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Commercial Fishing News from Ireland
Marine Minister Welcomes Resumption of Brexit Deal Talks But Urges Marine & Agri-Food Industries to Prepare for New Year
Marine Minister Charlie McConalogue has welcomed the resumption of Brexit trade deal talks by the EU and the UK which aim to close the gaps between the two sides, including on the key issues of fisheries, the level playing field…
Rope mussel farmers suffered a 34% fall in sales between February and June
Speaking at the IFA Aquaculture Webinar today Thursday 22 October, the Minister for Agriculture Food and the Marine, Charlie McConalogue T.D., announced a special Covid-19 financial support scheme for rope mussel and oyster farmers under his Department’s European Maritime and…
The fisheries negotiations have been stalled with the EU seeking to retain as much access to UK waters as possible. AFLOAT adds trawlers berthed at Castletownbere, Co. Cork along with the blue hulled 62 ton bollard pull tug Ocean Challenger operated  by Atlantic Marine & Towage.
As RTE News undertands the European Union is considering making a more explicit link between energy and fish as Brexit negotiations enter a critical phase. A number of sources have confirmed that the EU's chief negotiator Michel Barnier will seek…
Inshore fishing trawlers at Helvick Head
Irish inshore fishermen have said that a High Court ruling which overturns a Government ban on trawling by larger fishing vessels within the Irish six nautical mile limit is “likely to be more severe” on them than a “no-deal Brexit".…
Mackerel is a valuable export fish species - Minister for Marine Charlie McConalogue welcomed the allocation of €151m in the budget for the seafood industry
The Government has allocated €13 million in increased funding to promote the” environmentally sustainable development” of the seafood industry. Budget 2021 has approved total funding for the Irish sea fisheries Programme at €151 million. Minister for Marine Charlie McConalogue welcomed…
Fresh fish on sale at Keohanes’ in Bantry
Marine Marine Charlie McConalogue has announced €4.8 million in new investment by eight seafood processing companies, with his department’s European Maritime and Fisheries Fund Programme (EMFF) providing more than €1.4 million in grants. The grants amounting to €1,408,949 are funded…
The Irish Whale and Dolphin Group (IWDG) has also called for a scientific study of species including sprat stocks
The Irish Wildlife Trust (IWT) has called on Minister for Marine Charlie McConalogue and Minister of State for Biodiversity Pippa Hackett to “act swiftly” over a High Court decision that overturns a ban on fishing by vessels over 18 metres…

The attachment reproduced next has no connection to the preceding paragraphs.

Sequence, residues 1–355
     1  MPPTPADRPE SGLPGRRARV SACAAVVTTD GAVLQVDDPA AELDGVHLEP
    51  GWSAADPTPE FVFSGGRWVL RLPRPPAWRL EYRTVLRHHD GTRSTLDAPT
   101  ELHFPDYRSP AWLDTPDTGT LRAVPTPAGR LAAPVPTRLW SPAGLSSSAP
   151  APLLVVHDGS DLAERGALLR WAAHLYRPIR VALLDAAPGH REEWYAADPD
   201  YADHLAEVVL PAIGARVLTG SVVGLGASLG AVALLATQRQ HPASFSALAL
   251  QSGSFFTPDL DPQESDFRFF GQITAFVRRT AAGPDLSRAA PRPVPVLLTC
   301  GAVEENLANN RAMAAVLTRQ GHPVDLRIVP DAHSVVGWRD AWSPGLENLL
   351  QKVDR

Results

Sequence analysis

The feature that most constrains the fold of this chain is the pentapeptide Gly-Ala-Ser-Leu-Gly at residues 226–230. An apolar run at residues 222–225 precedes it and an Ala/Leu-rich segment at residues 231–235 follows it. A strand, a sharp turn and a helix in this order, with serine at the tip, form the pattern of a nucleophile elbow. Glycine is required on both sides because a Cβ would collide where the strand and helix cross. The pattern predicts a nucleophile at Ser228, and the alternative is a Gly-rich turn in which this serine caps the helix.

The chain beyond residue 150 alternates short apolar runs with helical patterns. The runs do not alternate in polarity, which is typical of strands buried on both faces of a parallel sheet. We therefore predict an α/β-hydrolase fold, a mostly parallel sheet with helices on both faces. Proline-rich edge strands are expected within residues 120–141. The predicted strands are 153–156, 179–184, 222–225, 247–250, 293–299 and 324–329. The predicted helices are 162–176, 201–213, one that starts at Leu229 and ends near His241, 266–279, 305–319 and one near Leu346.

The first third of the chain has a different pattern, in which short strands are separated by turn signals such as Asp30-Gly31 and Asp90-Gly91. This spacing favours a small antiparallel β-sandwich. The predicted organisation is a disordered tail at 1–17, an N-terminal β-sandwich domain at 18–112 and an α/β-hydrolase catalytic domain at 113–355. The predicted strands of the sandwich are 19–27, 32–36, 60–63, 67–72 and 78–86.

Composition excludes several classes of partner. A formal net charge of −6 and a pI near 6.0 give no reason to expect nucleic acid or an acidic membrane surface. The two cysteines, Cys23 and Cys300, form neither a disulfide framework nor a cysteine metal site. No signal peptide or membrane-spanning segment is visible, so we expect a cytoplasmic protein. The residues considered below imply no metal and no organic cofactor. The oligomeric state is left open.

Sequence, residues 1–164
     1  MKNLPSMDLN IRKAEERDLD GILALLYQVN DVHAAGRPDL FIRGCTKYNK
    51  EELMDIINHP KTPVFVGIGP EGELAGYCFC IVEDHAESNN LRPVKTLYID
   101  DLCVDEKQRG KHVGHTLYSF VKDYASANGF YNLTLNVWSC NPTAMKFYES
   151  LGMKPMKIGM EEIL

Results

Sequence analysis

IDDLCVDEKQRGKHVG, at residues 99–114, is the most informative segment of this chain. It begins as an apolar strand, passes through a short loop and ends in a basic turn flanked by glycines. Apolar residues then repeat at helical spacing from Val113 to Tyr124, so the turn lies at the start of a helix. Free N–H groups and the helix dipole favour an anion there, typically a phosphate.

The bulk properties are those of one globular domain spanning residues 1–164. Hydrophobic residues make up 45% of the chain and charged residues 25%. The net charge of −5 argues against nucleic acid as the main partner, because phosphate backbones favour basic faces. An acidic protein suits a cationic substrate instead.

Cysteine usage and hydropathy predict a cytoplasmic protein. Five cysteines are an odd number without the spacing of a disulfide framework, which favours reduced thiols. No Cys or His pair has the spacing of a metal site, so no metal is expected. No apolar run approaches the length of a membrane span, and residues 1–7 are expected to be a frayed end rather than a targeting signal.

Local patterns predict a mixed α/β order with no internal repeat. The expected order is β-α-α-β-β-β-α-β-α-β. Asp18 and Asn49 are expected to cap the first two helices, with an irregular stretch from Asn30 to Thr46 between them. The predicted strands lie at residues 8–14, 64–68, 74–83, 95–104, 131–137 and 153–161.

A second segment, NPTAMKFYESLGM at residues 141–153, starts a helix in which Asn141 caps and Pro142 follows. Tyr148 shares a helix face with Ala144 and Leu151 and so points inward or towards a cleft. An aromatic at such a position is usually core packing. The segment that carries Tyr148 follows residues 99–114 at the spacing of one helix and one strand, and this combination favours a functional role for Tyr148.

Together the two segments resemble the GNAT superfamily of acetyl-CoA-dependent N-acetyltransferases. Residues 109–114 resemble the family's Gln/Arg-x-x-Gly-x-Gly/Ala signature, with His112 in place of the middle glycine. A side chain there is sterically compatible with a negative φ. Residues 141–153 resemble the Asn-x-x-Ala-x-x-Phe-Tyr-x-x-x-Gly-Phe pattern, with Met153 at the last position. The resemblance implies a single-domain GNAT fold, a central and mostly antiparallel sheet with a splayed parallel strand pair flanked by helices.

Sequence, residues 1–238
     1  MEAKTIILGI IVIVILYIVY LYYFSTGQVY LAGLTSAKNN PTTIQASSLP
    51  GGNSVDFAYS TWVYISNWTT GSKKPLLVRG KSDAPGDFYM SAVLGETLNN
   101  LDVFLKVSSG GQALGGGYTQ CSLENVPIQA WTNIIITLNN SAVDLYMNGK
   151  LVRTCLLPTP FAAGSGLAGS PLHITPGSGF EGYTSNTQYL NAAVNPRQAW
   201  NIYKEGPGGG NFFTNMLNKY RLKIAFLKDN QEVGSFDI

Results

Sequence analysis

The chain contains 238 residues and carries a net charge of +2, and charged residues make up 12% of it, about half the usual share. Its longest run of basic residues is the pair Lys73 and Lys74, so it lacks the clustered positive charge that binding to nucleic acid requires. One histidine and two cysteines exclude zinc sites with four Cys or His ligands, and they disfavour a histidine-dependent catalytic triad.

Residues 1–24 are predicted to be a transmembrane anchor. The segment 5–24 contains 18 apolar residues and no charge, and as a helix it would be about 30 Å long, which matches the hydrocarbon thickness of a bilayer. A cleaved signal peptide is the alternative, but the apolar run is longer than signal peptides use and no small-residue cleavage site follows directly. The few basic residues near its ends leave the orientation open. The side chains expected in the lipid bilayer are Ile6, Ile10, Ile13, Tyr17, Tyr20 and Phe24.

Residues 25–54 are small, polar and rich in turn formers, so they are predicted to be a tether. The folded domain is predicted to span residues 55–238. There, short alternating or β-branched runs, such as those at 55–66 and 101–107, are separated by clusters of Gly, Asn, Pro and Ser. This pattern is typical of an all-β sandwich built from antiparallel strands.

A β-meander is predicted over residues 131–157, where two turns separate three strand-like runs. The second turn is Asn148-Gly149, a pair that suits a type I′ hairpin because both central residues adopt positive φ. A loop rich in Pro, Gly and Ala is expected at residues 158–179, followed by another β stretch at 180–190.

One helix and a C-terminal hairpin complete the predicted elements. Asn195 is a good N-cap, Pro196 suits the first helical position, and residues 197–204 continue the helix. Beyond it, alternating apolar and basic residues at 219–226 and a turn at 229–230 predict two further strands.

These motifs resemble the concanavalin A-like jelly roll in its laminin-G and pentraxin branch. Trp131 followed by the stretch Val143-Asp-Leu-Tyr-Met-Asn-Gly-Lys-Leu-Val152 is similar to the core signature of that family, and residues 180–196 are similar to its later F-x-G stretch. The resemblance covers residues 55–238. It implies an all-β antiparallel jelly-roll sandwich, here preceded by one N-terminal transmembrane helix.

The MSC UK award - made from recycled fishing nets -  which was presented to this year's award winners including BIM
Bord Iascaigh Mhara’s role in certifying the Irish mussel industry as “sustainable” has earned it an “Ocean Hero” award from the Marine Stewardship Council (MSC). The MSC, based in Britain, is an international non-profit organisation which sets “globally recognised, science-based…
File image of a fishing boat in Howth Harbour
The Department of Agriculture, Food and the Marine’s latest Annual Review and Outlook for the fisheries sector is a generally positive one — though tempered by the challenges of Brexit and the coronavirus. Published today, Thursday 8 October, the review…
The the ban had been initiated by former Marine Minister Michael Creed
The High Court has found that a ban on trawling or fishing within seine nets by vessels over 18 metres in length inside the six-mile nautical limit has “no legal effect”. Mr Justice Michael McGrath issued his judgment on foot…
Howth Harbour from the north. The new quay wall will be constructed on the west side of the Middle Pier (just right of the centre of photo) to create an extra 135 metres of berthing space.
"Getting the builders in" is a challenging prospect on land at the best of times. Add in the sea, and it's then a challenge-plus. Thus when you're working on and in the waterfront to implement a project within a busy…
UK Prime Minister Boris Johnson comes to grips with live crab in Orkney this past July
Post-Brexit fishing rights were high on the agenda at a “crunch” summit yesterday (Saturday 3 October) between British Prime Minister Boris Johnson and European Commission President Ursula von der Leyen. The Guardian reports on the EU’s warming to the idea…
Patrick and Morgan Oliver - decribed as 'Claddagh Royalty' by Galway Mayor
The two Galway fishermen who rescued two paddleboarders in August have been honoured at a mayoral reception. Mayor of Galway Mike Cubbard described Patrick Oliver and his son Morgan as “Claddagh royalty” when he presented them with a framed presentation…
The Castletownbere fishing fleet in West Cork. The Irish fishing industry is worth €1.2 billion per annum to the economy
The Taoiseach and Minister for the Marine have been described as "dismissive, contemptuous and glib" in their treatment of the fishing industry in moving "dastardly legislation," against fishermen by the country's four fish producer organisations. The Irish South and West…
Royal Navy's HMS Lancaster - told Irish trawler off the coast of Donegal to move 'for safety reasons'